Even the Demons Believe — and Shudder

But someone will say, “You have faith and I have works.” Show me your faith apart from your works, and I by my works will show you my faith. You believe that God is one; you do well. Even the demons believe– and shudder. Do you want to be shown, you senseless person, that faith apart from works is barren? Was not our ancestor Abraham justified by works when he offered his son Isaac on the altar? You see that faith was active along with his works, and faith was brought to completion by the works. Thus the scripture was fulfilled that says, “Abraham believed God, and it was reckoned to him as righteousness,” and he was called the friend of God. You see that a person is justified by works and not by faith alone. Likewise, was not Rahab the prostitute also justified by works when she welcomed the messengers and sent them out by another road? For just as the body without the spirit is dead, so faith without works is also dead.

–James 2:18-26 (NRSV)

Note that the NIV comes pretty close to the NRSV here but instead of works reads deeds. I actually think the word deeds comes closer to the sense of this passage. But by keeping works we retain the echoes of Paul. James I feel is railing against an overly simplified interpretation of Paul and keeping that active in our minds as we read can be helpful. The NIV readership, like my IVCF friend, is committed to justification by faith not works, even as they turn belief into another work. So NIV’s deeds helps make the lesson go down better for them.

Paul I think was a mixed blessing for our faith. He certainly was successful in his missionary activities. But the so-called catholic epistles are a bit testy about him. There’s James here. Then there’s 2 Peter:

So also our beloved brother Paul wrote to you according to the wisdom given him, speaking of this as he does in all his letters. There are some things in them hard to understand, which the ignorant and unstable twist to their own destruction, as they do the other scriptures. You therefore, beloved, since you are forewarned, beware that you are not carried away with the error of the lawless and lose your own stability.

— II Peter 3:15a-17(NRSV)

So we’re stuck with the faith/works things again. Crystal’s link is helpful here. Just remember that even Paul agrees, the only thing that counts is faith working through love (Galatians 5:6).

Peace be with you, Friends.

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7 responses

  1. Interesting, the tension between Paul and Peter/James. Did you see the movie The Last Temptation of Christ? There’s a part, a sort of alternate reality in which Jesus kept a low profile, didn’t get arrested or crucified, but lives a “normal” lofe. He’s out with his family one day and they hear this guy giving a public speech – it’s Paul (played by Harry Dean Stanton, hehe). He is like a snake-oil salesman, telling how he was knocked from his donkey by the risen Lord, very smarmy. Jesus knows this can’t be true and confronts him. Anyway, it made me realize that, unfairly, I never really gave a lot of weight to his epistles becasue he hadn’t hung out with Jesus like the other guys :-).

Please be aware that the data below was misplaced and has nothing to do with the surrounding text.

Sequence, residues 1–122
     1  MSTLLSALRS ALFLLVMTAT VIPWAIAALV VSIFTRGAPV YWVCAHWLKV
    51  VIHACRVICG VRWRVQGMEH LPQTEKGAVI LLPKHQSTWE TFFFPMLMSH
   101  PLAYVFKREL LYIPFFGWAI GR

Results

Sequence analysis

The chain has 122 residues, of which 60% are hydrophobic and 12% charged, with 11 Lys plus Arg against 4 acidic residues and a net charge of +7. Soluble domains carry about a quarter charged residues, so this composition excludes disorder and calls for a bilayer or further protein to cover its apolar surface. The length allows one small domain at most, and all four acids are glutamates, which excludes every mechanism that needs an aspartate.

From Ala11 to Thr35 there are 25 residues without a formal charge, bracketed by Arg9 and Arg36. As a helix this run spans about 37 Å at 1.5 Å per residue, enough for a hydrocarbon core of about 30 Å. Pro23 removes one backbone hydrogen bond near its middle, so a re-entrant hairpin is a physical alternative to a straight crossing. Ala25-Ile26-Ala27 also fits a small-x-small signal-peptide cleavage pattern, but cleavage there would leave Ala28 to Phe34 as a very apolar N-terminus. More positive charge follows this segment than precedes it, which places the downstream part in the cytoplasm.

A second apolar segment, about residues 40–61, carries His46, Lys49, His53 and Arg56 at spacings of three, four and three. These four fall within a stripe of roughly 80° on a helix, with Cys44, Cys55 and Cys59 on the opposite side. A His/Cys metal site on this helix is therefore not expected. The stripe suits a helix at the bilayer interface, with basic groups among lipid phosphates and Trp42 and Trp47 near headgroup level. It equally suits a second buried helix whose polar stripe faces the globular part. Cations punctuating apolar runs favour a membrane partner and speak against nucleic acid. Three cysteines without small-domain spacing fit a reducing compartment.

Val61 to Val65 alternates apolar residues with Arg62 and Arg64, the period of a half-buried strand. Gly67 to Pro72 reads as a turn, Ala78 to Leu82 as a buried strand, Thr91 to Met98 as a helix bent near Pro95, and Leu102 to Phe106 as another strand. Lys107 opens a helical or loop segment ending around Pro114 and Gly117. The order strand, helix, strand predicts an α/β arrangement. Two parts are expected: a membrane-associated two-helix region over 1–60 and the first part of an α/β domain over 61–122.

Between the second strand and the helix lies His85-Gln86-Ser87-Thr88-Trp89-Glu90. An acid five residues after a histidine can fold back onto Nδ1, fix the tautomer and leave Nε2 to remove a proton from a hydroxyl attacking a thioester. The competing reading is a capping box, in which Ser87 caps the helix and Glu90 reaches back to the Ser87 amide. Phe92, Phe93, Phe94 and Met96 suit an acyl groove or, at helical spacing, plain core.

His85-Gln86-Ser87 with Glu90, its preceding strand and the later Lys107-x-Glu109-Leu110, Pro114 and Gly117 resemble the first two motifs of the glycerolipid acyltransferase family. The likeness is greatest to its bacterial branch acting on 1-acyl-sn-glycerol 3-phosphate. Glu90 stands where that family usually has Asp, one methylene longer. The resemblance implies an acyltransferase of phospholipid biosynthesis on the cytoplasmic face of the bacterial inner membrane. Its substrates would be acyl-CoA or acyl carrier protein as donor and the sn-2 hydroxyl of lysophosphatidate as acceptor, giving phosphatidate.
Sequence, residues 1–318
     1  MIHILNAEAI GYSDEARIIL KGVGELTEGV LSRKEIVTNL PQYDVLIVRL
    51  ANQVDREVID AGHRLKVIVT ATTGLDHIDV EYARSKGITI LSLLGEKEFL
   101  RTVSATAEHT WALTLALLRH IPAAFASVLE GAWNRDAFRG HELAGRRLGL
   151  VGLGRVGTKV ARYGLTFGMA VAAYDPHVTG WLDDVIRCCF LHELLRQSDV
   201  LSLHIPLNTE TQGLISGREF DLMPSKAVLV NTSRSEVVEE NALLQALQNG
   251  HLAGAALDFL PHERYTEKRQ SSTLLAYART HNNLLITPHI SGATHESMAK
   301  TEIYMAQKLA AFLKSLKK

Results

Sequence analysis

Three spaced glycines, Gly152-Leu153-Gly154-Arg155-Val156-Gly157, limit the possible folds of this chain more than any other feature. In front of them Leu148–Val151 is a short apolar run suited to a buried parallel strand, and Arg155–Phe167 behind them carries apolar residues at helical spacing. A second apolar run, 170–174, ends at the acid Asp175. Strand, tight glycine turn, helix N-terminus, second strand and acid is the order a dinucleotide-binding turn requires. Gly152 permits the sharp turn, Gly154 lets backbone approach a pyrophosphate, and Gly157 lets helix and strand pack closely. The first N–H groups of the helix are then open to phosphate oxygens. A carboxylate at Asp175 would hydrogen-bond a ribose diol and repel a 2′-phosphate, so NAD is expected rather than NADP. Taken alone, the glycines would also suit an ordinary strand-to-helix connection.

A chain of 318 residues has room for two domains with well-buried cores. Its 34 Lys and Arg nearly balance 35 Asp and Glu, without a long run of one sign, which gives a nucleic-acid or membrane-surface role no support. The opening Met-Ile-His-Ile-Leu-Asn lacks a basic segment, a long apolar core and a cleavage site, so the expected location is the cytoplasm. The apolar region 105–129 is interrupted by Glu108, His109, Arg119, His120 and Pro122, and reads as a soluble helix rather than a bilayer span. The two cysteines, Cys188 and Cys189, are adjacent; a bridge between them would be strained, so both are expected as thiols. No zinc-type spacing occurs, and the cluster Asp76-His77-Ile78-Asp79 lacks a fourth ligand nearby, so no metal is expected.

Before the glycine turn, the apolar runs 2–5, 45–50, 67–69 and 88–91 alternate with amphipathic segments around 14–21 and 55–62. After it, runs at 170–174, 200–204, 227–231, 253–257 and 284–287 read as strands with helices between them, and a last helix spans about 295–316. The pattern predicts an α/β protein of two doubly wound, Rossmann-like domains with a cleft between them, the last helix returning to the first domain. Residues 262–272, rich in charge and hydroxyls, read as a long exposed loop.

2. I can’t get past the feeling that faith vs. works is a distinction without a difference. Of sure, maybe there is some esoteric reasoning for it, but it seems like minutae to me. Where’s that Quaker simplicity I’ve been reading about?

  3. Forgot to mention – I can’t take credit for those James links. They’re from a really great link page at Spring Hill College.

  4. Marjorie: You are likely right — the distinction between faith and works is likeley a difference without a difference for folsk with a balanced faith life.Religion has a way of unbalancing some folks though. I think Quakerism in the meetings I’m familiar with is just coming out from under a period where any talk of your beliefs automatically labelled you closed minded and only works counted because we could agree to those.I see that changing. But there is a bit of that out there yet.

  5. Re Paul and the other guys: Modern scholars believe that Paul antedates anything else in the N.T. Further very few people believe that Peter, the disciple wrote the Epistle of Peter, or that James, the disciple (or presumably Jesus’ brother) was the author of the Epistle of James.The earliest writings about Jesus we have said virtually nothing about the life of Jesus.Re Theology of the Quakers: most of the ones I know just have nothing to say about theology. That’s one of the reasons I became very interested in theology at that point.

  6. Larry: I agree with your dating issues; although I heard the authorship on James is divided — there’s apparently a chance for him — but highly unlikely for Peter.I like James and Peter mostly as they are practical sorts. They give instruction about how to live the Chrsitian life in community. Which is itself evidence they are from a later period when churches started to become settled and ministers were local rather than/or as well as itinerant.

  7. David wrote: “I like James and Peter mostly as they are practical sorts. They give instruction about how to live the Chrsitian life in community. Which is itself evidence they are from a later period when churches started to become settled and ministers were local rather than/or as well as itinerant.” Ah, David, but another standard theory is that they predate the gospels and reflect the nature of the early church (like Thomas) without any of the (theological) statements about Jesus that show up in the gospels, which is exactly why so many people like Thomas and the “other disciples”.

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